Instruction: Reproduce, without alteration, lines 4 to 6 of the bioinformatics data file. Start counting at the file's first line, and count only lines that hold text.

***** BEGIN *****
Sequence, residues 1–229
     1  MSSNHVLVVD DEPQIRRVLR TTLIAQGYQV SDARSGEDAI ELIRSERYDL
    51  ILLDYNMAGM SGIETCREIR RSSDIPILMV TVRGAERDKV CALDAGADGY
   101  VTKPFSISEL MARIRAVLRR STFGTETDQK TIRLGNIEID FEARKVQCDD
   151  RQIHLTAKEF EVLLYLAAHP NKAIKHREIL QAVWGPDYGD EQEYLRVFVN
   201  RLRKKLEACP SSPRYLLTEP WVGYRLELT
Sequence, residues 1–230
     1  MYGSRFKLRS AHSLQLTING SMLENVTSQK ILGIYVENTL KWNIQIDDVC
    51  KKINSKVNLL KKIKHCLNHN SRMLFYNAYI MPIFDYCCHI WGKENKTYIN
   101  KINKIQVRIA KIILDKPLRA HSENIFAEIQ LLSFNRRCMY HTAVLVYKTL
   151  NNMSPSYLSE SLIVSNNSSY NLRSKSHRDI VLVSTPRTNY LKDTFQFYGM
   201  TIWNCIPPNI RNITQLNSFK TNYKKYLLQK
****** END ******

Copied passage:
   101  VTKPFSISEL MARIRAVLRR STFGTETDQK TIRLGNIEID FEARKVQCDD
   151  RQIHLTAKEF EVLLYLAAHP NKAIKHREIL QAVWGPDYGD EQEYLRVFVN
   201  RLRKKLEACP SSPRYLLTEP WVGYRLELT